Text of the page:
The 2014 WSOP's incarnation of the $50,000 Poker Players Championship is underway, but prior to its start PokerNews put together a list of players to look out for as things get up and running. The original list, which can be viewed here, is comprised of eight players, but here we're only going to examine five of them (courtesy of Marty Derbyshire), all of whom are currently in the field.
After final tabling three different Stud events in the lead up, Brit Matthew Ashton won this event one year ago. But the player he's got his eye on coming into this year's Poker Players Championship is France's Alexandre Luneau.
"One player who hasn't played in Vegas the last couple of years but decided to come this year is Alexandre Luneau, who is one of the very best all around players there is," Ashton told PokerNews. "He's one of the biggest mixed game winners online and has had a couple of results this year already."
Luneau had three WSOP cashes on his resume prior to this year, but none since 2011. If the start of the 2014 WSOP is any indication of his mixed-game prowess, it appears Luneau is ready for big things. Since returning to Las Vegas this summer, he's already booked a fifth-place finish in the $1,500 Limit Omaha Hi/Lo for $58,769 and an eighth-place run in the $10,000 Limit 2-7 Triple Draw for $38,961.
Marco Johnson had finished runner-up in World Series events an amazing three times before finally winning a bracelet in the $2,500 Limit Hold'em Six-Handed event last year.
In all, he's booked 26 cashes at the WSOP for $1,416,204 and his record reads like a list of poker variants available on the World Series felt. He's earned money in everything from eight-game to H.O.R.S.E. and has built a reputation as one of the best high-stakes mixed-game cash players in the Las Vegas scene.
In fact, Johnson booked his second cash of the 2014 WSOP Saturday, bubbling the final table of the $1,500 Dealers Choice Six-Handed event, finishing seventh in a tournament that featured 16 variations of poker, including two that had never been played at the WSOP before.
"He's a very strong, very good player and he knows how to play all the games," said Baker.
Ashton believes many players overrate the importance of ability in the limit games compared to the big bet games in the tournament.
"The no-limit hold'em plays really big with the size of the antes and some of the older players play very weak tight in both no-limit hold'em and pot-limit Omaha thinking they can make up for it with their edge in limit games," he said. "I think that idea is overrated. I would take the skilled big bet player who is competent in the limit games over the specialist limit player playing scared in the big bet."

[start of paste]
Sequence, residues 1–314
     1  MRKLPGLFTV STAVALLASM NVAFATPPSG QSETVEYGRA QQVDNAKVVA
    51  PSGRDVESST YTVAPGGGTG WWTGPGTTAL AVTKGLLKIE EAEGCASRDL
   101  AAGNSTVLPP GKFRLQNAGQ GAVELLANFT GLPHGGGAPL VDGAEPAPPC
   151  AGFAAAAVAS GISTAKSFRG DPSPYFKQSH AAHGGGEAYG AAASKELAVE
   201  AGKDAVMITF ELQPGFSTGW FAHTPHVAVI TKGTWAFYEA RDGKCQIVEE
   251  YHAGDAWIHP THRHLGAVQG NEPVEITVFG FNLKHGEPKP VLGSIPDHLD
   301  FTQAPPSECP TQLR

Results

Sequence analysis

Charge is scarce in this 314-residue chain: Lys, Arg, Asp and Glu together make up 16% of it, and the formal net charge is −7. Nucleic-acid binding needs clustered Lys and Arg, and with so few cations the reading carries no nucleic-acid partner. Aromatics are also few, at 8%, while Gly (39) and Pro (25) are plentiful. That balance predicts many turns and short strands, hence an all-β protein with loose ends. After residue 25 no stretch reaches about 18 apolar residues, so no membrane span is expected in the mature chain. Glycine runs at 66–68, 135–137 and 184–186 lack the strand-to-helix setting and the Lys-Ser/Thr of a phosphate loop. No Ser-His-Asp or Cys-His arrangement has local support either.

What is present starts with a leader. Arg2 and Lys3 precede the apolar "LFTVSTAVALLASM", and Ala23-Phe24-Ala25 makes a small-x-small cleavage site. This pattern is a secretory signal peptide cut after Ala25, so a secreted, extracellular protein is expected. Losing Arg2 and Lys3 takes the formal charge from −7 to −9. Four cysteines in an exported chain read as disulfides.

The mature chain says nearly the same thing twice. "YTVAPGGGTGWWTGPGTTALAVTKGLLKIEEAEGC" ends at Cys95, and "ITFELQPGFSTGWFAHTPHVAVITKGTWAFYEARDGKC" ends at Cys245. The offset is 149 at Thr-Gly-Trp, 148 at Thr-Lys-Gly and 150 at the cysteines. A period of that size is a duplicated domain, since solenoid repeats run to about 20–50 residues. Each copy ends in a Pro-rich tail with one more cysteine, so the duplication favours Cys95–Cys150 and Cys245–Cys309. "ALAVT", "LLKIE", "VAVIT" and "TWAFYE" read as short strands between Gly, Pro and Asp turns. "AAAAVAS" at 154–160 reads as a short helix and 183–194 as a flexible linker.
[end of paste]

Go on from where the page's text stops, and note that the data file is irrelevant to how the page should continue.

With that idea in mind, Ashton says he likes the chances of a player like Paul Volpe. Volpe won his first bracelet earlier this year in the $10,000 No-Limit 2-7 Draw Lowball event, beating Daniel Negreanu heads-up and a final table full of multiple bracelet winners. He also has career live tournament earnings of $2,719,461, and if you're looking for no-limit hold'em chops, Volpe proved he has them with an amazing run in early 2013 that included two World Poker Tour final table appearances in a row at the L.A. Poker Classic and Bay 101 Shooting Stars.
The Brothers Mizrachi
After winning the $50,000 Poker Players Championship in both 2010 and 2012, Michael Mizrachi would have to be considered a favorite in the event year in, year out. But he doesn’t really see it that way.
“It's a tournament,” he said. “There are so many favorites; you just have to get lucky in critical spots.”
But if the three-time WSOP bracelet winner and Main Event finalist with 35 cashes worth a whopping $6,931,580 at the WSOP had to pick a favorite to do well in the Poker Players Championship, it would have to be his closest comrade in the poker world: His brother Robert Mizrachi.
Not only did Robert Mizrachi finish fifth to Michael in the inaugural $50k Poker Players Championship back in 2010, but Saturday he closed out the warm-up to this year's event, winning the bracelet in the first ever Dealer's Choice 16-game event.
"Rob plays all the games really well,” Michael said. “If I have to pick someone to win a tournament it'll always be Robert, especially in the mixed games.”
No matter how you slice it, at least one player with the last name Mizrachi is going to be one to watch in this year’s $50k Poker Players Championship – possibly both.